A mom who was diagnosed with Parkinson’s at age 44 has shared her surprising symptoms of the disease.
Donna Marshall, from Tunbridge Wells in Kent, has Parkinson’s disease at a young age and started experiencing unusual symptoms in her mid-twenties.
The mother of one, who is now 54, claimed that one of the first symptoms she experienced was a loss of taste and smell — a lesser-known warning sign of the disease.
She also claimed to have become a compulsive shopper, a behavior change seen in some patients. The businesswoman said the illness even led her to spend thousands on an extravagant Halloween display.
Parkinson’s, which usually occurs in people over the age of 50, is more commonly known for causing problems such as trembling, slow movements, and stiffness.
Donna Marshall, from Tunbridge Wells in Kent, has Parkinson’s disease at a young age and started experiencing lesser known signs of the disease at just 26 years old
Mrs Marshall (pictured with her daughter Beau) who was diagnosed just a decade ago, said her symptoms even led her to spend thousands on an extravagant Halloween display
A loss of smell and taste were the first symptoms Mrs. Marshall noticed, nearly two decades before she was diagnosed.
She said, “The sense of smell went first, I was about 26.
“I didn’t mind, and with that you get a lack of taste in food.”
A reduction in smell, known medically as anosmia, is experienced by up to 95 percent of people with the disease and is often the first sign of the disease.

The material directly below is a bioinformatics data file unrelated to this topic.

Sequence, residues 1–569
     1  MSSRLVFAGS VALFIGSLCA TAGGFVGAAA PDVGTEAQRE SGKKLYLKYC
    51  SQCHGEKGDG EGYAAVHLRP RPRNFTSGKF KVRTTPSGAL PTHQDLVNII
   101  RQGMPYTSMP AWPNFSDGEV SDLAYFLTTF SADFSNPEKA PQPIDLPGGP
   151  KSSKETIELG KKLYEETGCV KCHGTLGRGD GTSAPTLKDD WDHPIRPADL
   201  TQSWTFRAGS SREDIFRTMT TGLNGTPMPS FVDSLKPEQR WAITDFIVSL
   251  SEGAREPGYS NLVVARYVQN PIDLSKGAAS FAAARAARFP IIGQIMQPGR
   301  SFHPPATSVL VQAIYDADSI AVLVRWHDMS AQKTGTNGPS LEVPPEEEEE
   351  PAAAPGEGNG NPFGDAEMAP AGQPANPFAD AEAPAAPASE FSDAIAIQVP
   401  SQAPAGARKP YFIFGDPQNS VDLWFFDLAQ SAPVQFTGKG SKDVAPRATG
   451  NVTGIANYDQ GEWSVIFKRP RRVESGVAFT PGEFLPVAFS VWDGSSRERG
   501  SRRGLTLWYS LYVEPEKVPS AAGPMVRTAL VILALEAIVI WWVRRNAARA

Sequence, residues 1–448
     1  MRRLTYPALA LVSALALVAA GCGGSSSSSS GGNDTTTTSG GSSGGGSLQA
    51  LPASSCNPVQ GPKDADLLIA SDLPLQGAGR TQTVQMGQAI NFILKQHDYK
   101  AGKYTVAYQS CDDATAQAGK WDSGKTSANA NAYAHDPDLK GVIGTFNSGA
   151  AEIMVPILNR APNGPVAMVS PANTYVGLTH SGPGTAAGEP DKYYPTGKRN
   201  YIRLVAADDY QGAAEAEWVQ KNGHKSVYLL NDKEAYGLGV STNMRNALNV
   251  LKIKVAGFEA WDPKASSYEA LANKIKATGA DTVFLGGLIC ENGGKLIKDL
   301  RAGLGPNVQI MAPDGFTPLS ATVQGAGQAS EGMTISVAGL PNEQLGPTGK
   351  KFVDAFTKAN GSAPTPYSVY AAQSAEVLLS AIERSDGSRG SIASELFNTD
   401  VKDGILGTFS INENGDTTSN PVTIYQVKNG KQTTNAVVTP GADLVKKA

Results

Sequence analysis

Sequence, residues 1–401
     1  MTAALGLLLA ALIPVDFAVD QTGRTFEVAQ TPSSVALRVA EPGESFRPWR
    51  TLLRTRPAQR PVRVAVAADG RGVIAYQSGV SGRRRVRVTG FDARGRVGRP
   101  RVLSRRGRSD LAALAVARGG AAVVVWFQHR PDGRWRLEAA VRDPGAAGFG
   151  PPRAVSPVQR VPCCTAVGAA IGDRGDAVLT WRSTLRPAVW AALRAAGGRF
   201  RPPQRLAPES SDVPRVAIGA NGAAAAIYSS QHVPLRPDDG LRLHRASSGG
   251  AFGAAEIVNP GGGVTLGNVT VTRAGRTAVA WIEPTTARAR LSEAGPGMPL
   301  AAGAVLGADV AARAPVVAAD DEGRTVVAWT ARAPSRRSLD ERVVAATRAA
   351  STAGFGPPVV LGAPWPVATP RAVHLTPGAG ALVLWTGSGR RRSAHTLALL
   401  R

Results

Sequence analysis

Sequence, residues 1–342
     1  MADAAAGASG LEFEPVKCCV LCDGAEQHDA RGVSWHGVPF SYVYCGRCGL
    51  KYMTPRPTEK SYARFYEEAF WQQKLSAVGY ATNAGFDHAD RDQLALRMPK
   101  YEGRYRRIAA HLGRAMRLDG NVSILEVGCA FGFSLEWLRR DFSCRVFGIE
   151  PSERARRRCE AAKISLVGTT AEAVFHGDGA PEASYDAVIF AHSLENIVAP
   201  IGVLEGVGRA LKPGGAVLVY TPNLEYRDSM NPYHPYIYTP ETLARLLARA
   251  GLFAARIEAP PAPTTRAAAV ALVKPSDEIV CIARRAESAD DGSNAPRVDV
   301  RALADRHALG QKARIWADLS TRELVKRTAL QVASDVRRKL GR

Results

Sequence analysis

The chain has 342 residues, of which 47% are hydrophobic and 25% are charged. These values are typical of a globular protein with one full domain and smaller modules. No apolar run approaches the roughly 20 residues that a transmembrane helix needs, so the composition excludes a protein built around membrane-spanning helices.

Trembling, another telltale symptom, did not appear until Mrs. Marshall was out for a walk on New Year’s Eve 16 years later.
She said, “I was walking along the beach on the Isle of White.
“I looked at my hand and it was shaking, I wondered why that was. Now I know clearly, it was Parkinson’s.’
About 18,000 Britons and 90,000 Americans are diagnosed each year, and charities estimate that one in 37 people alive today will be diagnosed in their lifetime.
The disease is caused by a loss of nerve cells in a part of the brain called the substantia nigra, which causes a drop of dopamine in the brain.
This messenger hormone plays a vital role in regulating movement in the body, hence the droplet can cause characteristic tremor symptoms.
Those with early-onset Parkinson’s tend to experience a slower progression of the disease over time and have fewer cognitive symptoms, such as dementia.